By Chris Parker
By Jesse Marx
By John Baichtal
By Olivia LaVecchia
By Jesse Marx
By Olivia LaVecchia
By Tatiana Craine
By Judy Keen
According to people who know her, Ellen Hart is a disciplined writer, generous teacher, talented cook, insightful friend, committed partner, and generally one fine human being. The fact that she kills people for a living doesn't seem to convince anyone otherwise.
No, she doesn't really kill them. She imagines the poisonings, hangings, shootings, and bludgeonings that are the cornerstone of every mystery she writes. And mind you, she writes a lot of mysteries. Last month, St. Martin's Press published her 12th book, Wicked Games. The protagonists in her two multivolume series, Jane Lawless (who is a lesbian) and Sophie Greenway (who is not), have seen nearly as much malicious mayhem as Jessica Fletcher.
Long before Hart created either amateur sleuth, she was creating everything from fritatas to fajitas as kitchen manager for a sorority at the University of Minnesota. So it's not surprising that both of her main characters have backgrounds that resemble Hart's culinary experience. Jane is a restaurateur and Sophie is a food critic. Both live and work in the Twin Cities. The sorority even provided the setting for her first book, Hallowed Murder.
"I'd always wanted to write a book but I would look at them and think 'How could they do that?'" Hart says. "I figured it would be a big regret if I didn't try to write something. So I started Hallowed Murder.
"I got about 200 pages into it and realized it was pathetic. So I spent one entire winter doing nothing but reading P.D. James' books, taking them apart and seeing how she developed plot, character, and tension, and how she slipped in clues. Then I started writing again."
All that summer, Hart continued to run the kitchen at the sorority during the day and banged out the chapters of her book at night. She worked on a cheap typewriter on a little table in a bedroom of the house where she and Kathy Krueger, her partner of 21 years, live in south Minneapolis. It is only blocks from where she grew up.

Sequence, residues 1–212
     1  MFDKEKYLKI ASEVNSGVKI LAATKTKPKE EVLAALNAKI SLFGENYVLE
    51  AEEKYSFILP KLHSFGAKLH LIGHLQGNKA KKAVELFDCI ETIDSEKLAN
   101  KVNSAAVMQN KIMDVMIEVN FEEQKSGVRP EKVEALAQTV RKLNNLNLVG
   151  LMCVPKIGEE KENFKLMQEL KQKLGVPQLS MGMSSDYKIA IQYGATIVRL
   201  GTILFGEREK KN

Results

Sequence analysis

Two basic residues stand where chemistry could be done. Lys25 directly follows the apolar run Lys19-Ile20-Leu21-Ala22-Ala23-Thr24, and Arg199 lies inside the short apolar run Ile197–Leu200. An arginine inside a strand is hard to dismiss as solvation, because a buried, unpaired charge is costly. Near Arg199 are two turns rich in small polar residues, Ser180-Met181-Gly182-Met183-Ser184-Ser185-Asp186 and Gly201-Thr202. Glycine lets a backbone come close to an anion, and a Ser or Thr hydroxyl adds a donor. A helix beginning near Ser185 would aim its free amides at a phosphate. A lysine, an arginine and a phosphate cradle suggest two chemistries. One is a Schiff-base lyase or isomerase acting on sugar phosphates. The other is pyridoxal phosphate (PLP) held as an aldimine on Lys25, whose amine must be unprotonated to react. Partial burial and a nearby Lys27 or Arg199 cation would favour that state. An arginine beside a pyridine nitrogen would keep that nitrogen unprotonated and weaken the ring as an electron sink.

She thought about the story while watching movies, while cooking, while falling asleep. And while Krueger was supportive, Hart says her new avocation took some getting used to.
"It took [Kathy] a while to get over the fact that I was actually killing someone in a book," she says. "That was really tough for her. She's certainly gotten past that now."
Krueger is now among the best resources Hart has. She is often one of Hart's first readers, helps her think through parts of story lines, suggests methods of "doing in" the victims, and accompanies her to scout prospective locations for the fictitious crimes.
But Hart sometimes needs to know specific information: How much vodka does it take to kill a 200-pound man? How would police react if someone told them he'd witnessed a crime without actually seeing it? What islands are in the middle of Pokegama Lake?
"I've learned over the years to cultivate people," she says. "When I meet them at a party, I ask them if it would be OK to call them later if I have questions."
She's made friends with a medical examiner and a cop. She's called upon an architect, an antique dealer, and a even an expert on interventions for alcoholics in order to more accurately portray situations in her books. If there are inaccuracies, no one has found them yet.
Though Hart has cranked out 12 books in 10 years, her work is anything but formulaic. She has collected a matching set of awards: two Lambda Book Awards (and five nominations) and two Minnesota Book Awards. She receives glowing book reviews from gay and straight reviewers alike. And her books are consistently among the best-selling mysteries by local authors at area bookstores.
Mary Trone, former owner of Once Upon A Crime bookstore in Minneapolis, is one of those reviewers who reveres Hart's work. She says a primary reason for Hart's popularity among readers is her characters.
"Her characters are beloved by straight women and lesbians," she says. "When you sit down with one of her books, you really feel like you're going back to spend time with old friends."
Kelley Ragland, Hart's editor at St. Martin's Press, agrees. "Hart writes absorbing, entertaining mystery stories about characters we care about--real, believable, three-dimensional, human characters that we want to read more about," she says. "Jane Lawless is a rich and very real character."
Gay and lesbians characters in mysteries have not always had it so good.
"We've either been the villain or the corpse," says Hart of the roles previously available for gays and lesbians in mysteries.
Hart is one of several authors changing that.
"Ellen wanted to sit down and write books that reflect her world and her values. She's done that right from the beginning," says R.D. Zimmerman, a close friend of Hart's and also a successful mystery writer whose most recent books feature an out gay character. "In her books, we're allowed to see ourselves reflected positively."
Small publishing houses, like Seal Press of Seattle, were among the first to embrace characters who were open about their sexual orientation. Now, it's not uncommon for bigger, more mainstream houses like St. Martin's and Ballantine to publish books with positively portrayed queer protagonists.